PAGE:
For the record: Quadriplegics motorsailing= plenty cool enough.

People have asked lately--do you miss sailing? Um, kinda, although I got my fill, I'll tell ya. It got to the point where in my mind the question smacks of "Jay, so do you miss driving forklift?" or some such. Hell no, not in the particulars. Most importantly, rather, I feel personally I'm still doing the same thing. All in all, none of this is really so much about sailing but rather integrity and trying to create meaning in a world where there's very little to grab on to that will support that. Sailing, for real, is one thing you can grab onto.

So is my current project--sustainability.

And very similar rhetorical questions apply--why on earth would one want to live sustainably? Kinda pointless really. Screw it. Screw everyone else. I'll get mine and everyone else can go without. Girls like powerboats better. Regardless of whether your world view is created by an intelligent, well researched analysis of our financial system, energy delivery systems, commodities, or our ecology--or you're one of those kind of people who scratch themselves thinking about Sarah Palin in the middle of the night mouthing "drill, baby, drill" oh so softly--why bother really? Why bother caring? It's a lot easier not to. I promise that. Why bother? It's a great question, and a hard one to answer. And the fact is the answer is very much the exact same answer applies to sailing. I want to to care. I need to care. Or, simply, and heroically, because you've chosen to affirm that it's the right thing to do. Because it is, of course. Obviously. And you don't want to be a Schmuck. It's about integrity. To yourself, or all of the rest of us. It's one of those things like recognizing sailing is sailing and motoring is motoring.

Guess what!
I've a couple of rhetorical questions to ask. 1) Why pretend to live "sustainably" if you're not going to live sustainably. 2)If you're going to live sustainably, economic constraints will apply. Shocker, right? Well of course. Again, I find myself in a situation where I'm running afoul of those who in the same manner as yachtsmen want to purchase an image for themselves as some kind of "master of the sea"-- those who want to purchase themselves some kind of image as being "the masters of a sustainable" future when at the end of the day there's damn near nothing that they do that can be remotely equated with sustainability. This isn't a matter of ideology. Not at all. Just look at what they do, quantify it, and form a judgment. Bullshit. And as in sailing, I find the majority of support that I find comes from people who are ardent "not caring" sorts, the kind that don't even bother to pretend--who as in the manner of powerboaters would say "I think you're crazy, but what you're doing is pretty cool."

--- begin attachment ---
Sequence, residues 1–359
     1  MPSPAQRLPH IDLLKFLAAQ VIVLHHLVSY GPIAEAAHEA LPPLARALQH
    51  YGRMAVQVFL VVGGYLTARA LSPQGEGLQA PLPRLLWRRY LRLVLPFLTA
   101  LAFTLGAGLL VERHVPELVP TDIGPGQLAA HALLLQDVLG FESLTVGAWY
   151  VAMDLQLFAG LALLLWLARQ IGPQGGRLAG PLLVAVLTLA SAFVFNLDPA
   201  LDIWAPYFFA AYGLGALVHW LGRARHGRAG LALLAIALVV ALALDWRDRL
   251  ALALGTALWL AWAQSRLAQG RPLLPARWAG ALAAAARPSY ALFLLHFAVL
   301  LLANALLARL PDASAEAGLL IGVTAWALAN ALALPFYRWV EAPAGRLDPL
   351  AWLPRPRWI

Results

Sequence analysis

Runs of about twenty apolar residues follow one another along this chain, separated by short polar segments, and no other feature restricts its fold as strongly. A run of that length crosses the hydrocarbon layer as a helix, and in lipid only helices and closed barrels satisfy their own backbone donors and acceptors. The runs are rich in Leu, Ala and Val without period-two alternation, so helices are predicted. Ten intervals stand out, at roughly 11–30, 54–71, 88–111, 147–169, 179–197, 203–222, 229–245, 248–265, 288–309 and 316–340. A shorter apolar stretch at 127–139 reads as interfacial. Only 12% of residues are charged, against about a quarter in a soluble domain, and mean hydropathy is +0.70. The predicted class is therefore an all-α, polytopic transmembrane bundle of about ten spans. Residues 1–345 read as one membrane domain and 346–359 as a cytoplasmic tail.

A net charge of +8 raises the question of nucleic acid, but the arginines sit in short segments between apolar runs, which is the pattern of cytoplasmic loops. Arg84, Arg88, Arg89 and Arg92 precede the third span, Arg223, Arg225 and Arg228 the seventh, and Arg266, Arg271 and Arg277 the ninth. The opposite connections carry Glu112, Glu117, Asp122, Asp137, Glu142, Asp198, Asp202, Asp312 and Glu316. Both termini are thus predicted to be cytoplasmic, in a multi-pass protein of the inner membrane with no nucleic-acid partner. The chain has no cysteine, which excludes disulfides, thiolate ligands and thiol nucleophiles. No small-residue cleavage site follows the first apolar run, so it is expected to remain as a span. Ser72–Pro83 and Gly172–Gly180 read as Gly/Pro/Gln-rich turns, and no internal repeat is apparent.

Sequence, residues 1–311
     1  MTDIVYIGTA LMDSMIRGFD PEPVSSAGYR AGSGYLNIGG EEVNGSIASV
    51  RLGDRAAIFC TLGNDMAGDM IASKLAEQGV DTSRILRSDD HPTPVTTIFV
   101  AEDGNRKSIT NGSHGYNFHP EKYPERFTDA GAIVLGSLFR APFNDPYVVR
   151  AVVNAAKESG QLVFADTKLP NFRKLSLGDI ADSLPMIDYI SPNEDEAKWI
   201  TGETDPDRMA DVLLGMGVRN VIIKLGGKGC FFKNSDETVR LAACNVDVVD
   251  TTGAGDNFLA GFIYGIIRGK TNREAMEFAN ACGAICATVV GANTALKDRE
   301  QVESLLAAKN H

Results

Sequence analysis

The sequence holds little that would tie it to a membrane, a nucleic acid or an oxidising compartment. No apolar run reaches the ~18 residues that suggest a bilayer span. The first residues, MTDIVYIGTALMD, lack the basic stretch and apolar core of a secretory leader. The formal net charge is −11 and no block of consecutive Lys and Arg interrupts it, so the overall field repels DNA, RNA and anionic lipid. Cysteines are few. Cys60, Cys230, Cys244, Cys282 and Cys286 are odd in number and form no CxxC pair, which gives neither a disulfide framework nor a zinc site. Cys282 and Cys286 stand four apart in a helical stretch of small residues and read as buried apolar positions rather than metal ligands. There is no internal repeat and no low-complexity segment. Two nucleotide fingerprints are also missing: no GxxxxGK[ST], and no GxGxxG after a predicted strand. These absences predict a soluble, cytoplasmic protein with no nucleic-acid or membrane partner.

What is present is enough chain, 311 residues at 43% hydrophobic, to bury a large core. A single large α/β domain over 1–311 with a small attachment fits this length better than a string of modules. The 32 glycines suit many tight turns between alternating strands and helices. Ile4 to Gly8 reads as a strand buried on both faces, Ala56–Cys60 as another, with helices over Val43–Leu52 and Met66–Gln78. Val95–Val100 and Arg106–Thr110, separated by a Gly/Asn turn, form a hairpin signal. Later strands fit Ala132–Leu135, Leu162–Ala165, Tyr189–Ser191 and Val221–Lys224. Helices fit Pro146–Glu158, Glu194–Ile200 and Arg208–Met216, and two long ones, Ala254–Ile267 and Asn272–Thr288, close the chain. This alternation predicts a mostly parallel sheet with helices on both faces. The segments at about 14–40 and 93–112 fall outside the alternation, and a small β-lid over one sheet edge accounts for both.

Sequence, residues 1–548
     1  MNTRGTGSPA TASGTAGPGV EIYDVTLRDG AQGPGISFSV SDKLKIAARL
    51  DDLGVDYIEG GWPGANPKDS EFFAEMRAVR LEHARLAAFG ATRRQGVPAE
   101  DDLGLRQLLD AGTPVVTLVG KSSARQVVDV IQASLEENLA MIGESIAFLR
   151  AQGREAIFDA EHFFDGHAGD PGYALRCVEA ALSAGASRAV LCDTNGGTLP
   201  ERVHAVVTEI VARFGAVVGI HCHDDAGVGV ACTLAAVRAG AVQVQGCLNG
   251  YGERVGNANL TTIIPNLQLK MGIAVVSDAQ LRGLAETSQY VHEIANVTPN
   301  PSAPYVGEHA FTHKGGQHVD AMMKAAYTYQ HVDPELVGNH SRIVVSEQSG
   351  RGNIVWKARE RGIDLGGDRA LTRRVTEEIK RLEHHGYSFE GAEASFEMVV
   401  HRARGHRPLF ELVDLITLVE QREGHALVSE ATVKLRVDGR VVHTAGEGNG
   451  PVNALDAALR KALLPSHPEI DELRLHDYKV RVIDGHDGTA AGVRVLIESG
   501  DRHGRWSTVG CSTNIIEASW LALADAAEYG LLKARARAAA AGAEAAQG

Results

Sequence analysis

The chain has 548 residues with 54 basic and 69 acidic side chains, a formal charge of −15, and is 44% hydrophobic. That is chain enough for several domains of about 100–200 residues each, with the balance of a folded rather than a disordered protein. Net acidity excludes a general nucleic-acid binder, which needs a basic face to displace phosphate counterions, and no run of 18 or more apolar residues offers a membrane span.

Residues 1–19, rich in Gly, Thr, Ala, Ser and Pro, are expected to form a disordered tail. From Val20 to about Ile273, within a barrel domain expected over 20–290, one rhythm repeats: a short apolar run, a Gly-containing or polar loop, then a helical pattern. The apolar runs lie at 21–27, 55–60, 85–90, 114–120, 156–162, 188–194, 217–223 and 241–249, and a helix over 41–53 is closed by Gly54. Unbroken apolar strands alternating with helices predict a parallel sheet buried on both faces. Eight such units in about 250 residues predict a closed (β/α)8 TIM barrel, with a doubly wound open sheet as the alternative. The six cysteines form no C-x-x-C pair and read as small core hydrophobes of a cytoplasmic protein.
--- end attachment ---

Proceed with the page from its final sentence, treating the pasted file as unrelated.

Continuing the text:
Believe me, sustainability is going to be all the rage. Why? We've gone to sea as pretend sailors and our engine has conked out. Mixed metaphors, eh? Really, it applies. We are wholly adrift in foul waters right now as a society(all sailors will understand the terror of that phrase) and our future is far from certain, our fate mostly directed by dumb luck. Let me tell you, the worst time to learn to sail(although it's how I got started) is when you have to because the engine conked out. That's dangerous. The worst time to learn to live sustainably(with much much higher stakes) is when your engine conks out too. Boy Howdy, and a hell of a lot more dangerous.

. . .

. . .

. . .

Some savvy sorts will recognize that my metaphorical comparison is incomplete. In sailing, the issue, was, of course the "engine."

So what, rhetorically, is the "engine" of the unsustainable lifestyle? Opinions? Very important question, really.

I need to care for chickens. Vol 2. will follow.